I look forward to your response.
Dog Training Advisor Responds:
There are a few different ways to go about fixing the biting, especially in your case where it more of a warning than
an actual CHOMP.
When she turns around to nip you, instead of giving just her a verbal NO, give her a scruff shake as well. This is
how Mom would have corrected any pups that got too rambunctious with her, and since you can vary the degree
you apply it (slight pinch to a deep "muscle" bite), the puppy will tell you at what level it finally takes you seriously.
Remember to praise and tell her what a good girl she is when she calms down and lets you handle her.
Second, remember that a lot of puppy training is supposed to be based on positive reinforcement, but if you feel
that you would benefit from using the pinch collar, 4-6 months is generally the minimum age we recommend using
it. At Patches' age, you should be correcting behavior problems (which seems to be the main problem anyway)
and not missed commands. Have you tried using any food treats in training to help her understand what you
want...or am I missing the point and you're past the point of her 'understanding, and it's up to the 'doing' part? Lure
training can be useful with pups since they are more reward-motivated, so a treat or a favorite toy (try the toy first)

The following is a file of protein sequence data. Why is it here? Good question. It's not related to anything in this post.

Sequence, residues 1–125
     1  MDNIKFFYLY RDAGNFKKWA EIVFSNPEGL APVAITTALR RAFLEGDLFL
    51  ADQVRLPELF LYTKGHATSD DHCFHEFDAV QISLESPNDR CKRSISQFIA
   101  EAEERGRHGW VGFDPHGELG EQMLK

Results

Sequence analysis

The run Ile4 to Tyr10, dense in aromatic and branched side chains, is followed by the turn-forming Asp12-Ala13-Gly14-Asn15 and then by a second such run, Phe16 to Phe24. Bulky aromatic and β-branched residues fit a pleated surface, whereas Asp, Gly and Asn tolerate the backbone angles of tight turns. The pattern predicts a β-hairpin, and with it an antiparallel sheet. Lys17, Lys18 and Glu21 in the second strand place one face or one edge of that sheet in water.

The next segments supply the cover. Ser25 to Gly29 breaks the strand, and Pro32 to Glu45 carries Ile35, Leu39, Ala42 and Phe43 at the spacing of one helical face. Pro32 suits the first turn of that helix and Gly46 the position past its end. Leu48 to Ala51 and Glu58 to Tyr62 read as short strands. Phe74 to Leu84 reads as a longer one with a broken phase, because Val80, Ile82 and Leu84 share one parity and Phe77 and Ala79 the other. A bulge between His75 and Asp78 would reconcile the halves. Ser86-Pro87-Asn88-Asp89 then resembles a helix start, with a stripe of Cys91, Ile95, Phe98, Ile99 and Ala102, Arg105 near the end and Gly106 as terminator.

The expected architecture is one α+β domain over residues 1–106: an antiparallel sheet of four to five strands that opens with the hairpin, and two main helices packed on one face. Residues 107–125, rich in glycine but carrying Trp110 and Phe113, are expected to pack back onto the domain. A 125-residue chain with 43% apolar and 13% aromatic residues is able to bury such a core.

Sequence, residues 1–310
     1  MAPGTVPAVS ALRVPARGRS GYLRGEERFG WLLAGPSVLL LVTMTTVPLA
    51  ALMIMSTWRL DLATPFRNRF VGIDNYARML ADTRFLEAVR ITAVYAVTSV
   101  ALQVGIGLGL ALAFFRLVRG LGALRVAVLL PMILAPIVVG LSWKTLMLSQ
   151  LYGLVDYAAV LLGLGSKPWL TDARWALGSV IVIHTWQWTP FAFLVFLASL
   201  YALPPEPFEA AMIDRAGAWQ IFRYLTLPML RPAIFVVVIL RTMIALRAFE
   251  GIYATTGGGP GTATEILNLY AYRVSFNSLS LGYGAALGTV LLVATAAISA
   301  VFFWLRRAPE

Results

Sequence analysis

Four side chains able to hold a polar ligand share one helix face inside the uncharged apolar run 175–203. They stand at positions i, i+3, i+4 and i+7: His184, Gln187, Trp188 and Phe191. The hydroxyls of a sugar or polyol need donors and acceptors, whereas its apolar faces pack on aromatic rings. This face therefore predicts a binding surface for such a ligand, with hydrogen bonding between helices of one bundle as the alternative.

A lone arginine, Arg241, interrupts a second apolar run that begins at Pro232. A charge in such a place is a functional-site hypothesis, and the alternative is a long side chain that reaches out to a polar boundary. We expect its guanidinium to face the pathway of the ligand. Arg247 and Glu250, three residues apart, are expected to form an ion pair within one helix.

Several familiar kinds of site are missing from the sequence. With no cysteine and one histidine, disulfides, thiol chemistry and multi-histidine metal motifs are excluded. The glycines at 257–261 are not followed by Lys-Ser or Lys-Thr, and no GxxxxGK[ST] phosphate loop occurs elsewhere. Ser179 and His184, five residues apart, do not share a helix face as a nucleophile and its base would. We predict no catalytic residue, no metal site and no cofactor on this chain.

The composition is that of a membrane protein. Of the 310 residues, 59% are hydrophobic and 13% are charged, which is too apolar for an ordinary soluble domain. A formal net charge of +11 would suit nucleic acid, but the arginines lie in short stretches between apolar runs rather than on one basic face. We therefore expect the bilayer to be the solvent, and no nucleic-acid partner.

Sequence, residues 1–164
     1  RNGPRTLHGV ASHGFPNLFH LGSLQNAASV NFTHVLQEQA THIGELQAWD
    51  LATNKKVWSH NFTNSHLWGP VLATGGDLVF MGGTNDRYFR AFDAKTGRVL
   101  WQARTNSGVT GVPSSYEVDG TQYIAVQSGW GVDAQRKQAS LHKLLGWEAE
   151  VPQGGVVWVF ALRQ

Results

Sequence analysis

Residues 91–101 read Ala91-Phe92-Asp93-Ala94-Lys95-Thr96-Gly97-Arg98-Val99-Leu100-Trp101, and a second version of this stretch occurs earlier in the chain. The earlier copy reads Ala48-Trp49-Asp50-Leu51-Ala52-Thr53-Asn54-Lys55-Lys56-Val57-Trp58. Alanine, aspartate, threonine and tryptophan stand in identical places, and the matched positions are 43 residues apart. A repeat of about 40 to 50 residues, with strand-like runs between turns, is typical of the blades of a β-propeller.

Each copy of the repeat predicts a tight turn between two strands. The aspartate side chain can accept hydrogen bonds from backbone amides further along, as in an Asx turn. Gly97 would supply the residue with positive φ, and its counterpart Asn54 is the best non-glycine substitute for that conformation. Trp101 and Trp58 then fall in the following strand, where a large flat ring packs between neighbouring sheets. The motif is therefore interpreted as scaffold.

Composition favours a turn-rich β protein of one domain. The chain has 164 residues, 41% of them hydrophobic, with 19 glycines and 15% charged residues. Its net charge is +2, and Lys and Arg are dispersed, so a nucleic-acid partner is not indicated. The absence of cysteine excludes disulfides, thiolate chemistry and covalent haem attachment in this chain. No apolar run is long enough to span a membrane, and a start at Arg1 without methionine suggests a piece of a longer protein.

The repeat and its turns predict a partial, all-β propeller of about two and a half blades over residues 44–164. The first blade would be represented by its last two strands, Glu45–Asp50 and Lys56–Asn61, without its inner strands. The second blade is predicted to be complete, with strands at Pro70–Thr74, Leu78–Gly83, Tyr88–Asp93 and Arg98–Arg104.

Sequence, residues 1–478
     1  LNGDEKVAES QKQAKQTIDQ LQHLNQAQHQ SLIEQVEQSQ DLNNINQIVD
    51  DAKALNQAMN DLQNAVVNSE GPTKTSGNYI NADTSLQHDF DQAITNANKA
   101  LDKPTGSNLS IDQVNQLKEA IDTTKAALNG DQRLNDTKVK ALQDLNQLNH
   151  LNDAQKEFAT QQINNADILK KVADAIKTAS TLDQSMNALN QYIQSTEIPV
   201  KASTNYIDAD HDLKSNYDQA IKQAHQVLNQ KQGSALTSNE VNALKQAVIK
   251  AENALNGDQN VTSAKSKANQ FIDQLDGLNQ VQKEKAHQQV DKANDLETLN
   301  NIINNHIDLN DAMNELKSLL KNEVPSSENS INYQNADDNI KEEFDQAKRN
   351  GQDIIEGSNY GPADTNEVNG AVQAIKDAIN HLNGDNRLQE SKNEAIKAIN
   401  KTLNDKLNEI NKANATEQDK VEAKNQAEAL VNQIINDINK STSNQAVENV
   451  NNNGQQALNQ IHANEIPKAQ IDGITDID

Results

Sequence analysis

might be something that she will work for. This will teach her what you mean exactly when you say "down," and will
eliminate the confusion for when you go to touch her. And if she does go for you before she does the command, I
would make sure she follows through first so that she doesn't learn that throwing a temper tantrum will get her out
Third, use this as an opportunity to start teaching her that it really shouldn't be a fight to handle any part of her.
During quiet times, you can pet her all over, tug her tail gently, play with her feet and nails, muzzle/ears/eyes/teeth,
etc...just so that she learns to accept all types of handling over any part of her body. (The vet will really appreciate
I have done the scruff shake, but it seems the more I attempt to correct her in such a physical way, the more she